I am continuing my research as an independent study with my mentor, Dr. Lucy Arendt. My experience as a SURF fellow would not have been as fruitful without her guidance and inspiration. I’m also grateful that the SURF program challenged us to think like professionals. From giving elevator pitches about our research to conducting efficient and engaging presentations, the SURF faculty gave us a space to grow professionally and personally.

Allison Gerk ’20
This past summer, I had the pleasure of participating in the Summer Undergraduate Research Forum in Mathematics. Under the direction of Dr. Terry Jo Leiterman, I was able to understand research in the field of applied mathematics in biology, specifically in population dynamics. Together we studied columnaris disease, a fatal disease that affects most freshwater fish, and the population dynamics of infected fish.

Flavobacterium columnare, or F. columnare, is a bacterial pathogen that forms biofilms on the surface of freshwater fish. As the biofilm grows, the resulting infection causes a fatal disease to fish known as columnaris. F. columnare grows not only on the surface of healthy fish, but also on deceased fish. During this biofilm growth, F. columnare sheds from the host fish and enters the aquatic ecosystem where it resides, remaining viable, until it infects another fish. Consequently, shedding is a threat to the healthy fish population. The disease has become a threat to not only the natural freshwater ecosystems, but also to fish-farming communities. Farmers are struggling to harvest healthy fish and to rid the bacteria from their communities.

During the summer, we explored the interconnected relationship between healthy fish, infected fish and removed fish as a result of the shedding of F. columnare due to biofilm growth. Using the software Mathematica, we wrote our own code to perform a numerical case study. These results gave us information on when farmers could vaccinate, harvest or treat the fish.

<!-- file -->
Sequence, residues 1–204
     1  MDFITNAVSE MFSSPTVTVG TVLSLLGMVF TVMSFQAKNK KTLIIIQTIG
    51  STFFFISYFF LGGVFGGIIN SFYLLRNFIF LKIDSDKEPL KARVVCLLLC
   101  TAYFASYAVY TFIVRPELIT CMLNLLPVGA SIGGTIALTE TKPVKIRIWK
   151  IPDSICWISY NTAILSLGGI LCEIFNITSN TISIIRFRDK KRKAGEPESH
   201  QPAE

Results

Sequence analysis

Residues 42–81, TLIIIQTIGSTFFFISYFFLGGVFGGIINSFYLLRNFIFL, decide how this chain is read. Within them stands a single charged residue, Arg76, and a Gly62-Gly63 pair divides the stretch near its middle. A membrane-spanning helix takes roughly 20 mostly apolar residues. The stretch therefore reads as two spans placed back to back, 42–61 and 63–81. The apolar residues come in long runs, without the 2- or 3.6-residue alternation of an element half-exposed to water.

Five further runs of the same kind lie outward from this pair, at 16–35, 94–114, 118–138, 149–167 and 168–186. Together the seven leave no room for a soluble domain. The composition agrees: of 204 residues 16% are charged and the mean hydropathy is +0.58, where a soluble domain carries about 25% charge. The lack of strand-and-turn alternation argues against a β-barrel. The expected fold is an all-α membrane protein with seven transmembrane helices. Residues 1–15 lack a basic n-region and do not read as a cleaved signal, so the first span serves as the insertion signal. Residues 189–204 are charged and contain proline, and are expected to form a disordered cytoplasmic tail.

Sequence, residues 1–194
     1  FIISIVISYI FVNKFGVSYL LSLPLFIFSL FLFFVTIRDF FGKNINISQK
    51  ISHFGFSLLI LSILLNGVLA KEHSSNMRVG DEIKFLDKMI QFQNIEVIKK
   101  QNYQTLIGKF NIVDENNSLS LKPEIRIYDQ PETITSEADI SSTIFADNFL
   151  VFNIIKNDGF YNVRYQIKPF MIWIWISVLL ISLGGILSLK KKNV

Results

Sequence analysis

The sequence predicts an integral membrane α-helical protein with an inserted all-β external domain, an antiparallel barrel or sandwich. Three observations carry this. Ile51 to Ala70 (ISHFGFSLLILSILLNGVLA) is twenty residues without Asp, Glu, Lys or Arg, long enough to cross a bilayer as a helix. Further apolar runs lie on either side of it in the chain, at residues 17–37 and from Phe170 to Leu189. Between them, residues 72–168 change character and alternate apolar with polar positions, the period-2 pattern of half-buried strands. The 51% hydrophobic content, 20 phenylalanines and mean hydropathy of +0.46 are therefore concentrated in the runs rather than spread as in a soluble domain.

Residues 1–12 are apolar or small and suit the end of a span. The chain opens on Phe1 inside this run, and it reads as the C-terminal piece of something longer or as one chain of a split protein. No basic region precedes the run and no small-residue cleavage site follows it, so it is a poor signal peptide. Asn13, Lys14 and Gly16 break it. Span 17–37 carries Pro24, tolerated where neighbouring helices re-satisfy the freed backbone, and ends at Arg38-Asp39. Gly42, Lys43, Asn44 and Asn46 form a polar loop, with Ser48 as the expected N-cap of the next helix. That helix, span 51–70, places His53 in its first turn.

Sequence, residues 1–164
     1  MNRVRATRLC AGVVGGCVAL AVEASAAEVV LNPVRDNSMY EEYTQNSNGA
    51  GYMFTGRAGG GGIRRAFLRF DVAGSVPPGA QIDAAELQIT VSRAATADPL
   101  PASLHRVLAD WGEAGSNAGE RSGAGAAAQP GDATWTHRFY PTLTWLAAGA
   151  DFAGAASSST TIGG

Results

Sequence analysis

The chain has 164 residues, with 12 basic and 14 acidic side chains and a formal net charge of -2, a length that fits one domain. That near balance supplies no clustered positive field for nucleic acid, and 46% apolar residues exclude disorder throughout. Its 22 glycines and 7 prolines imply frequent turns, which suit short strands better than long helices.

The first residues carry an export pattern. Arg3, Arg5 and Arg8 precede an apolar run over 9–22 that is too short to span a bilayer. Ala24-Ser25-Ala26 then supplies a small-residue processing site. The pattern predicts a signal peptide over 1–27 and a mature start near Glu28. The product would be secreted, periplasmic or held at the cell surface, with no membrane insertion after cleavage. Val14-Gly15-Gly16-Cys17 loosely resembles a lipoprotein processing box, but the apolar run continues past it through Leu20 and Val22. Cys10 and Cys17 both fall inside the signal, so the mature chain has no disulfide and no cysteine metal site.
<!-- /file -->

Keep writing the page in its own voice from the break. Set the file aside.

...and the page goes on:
After seven weeks of investigation, I attended the 2018 MAA Mathfest in Denver, where I participated in lectures from renowned mathematicians across the nation. Hearing their work and passion for mathematics was nothing short of inspiring. In addition, I disseminated our work at the conference and was humbled to receive the Janet L. Andersen Award for Outstanding Student Exposition or Research in Mathematical or Computational Biology presented by BioSIGMAA.

This spring semester, I will be participating in an independent study to continue my research on this topic with Dr. David Hunnicutt, a microbiology professor who studies F. columnare. We’ll be taking a deeper look at the transmission rate variable and the effects of vaccination and harvesting/restock, among other things.

I’m so grateful I was given the chance to participate in the SURF program. Thanks to that experience, I am developing an immense passion for scientific research. I am fascinated by the process of how a lab operates, and how failure and determination both contribute to success. My dream upon finishing my undergraduate degree is to move into a graduate program in biomathematics/mathematical oncology. I believe linking biology and math is one key to growth in cancer research.

March 12, 2019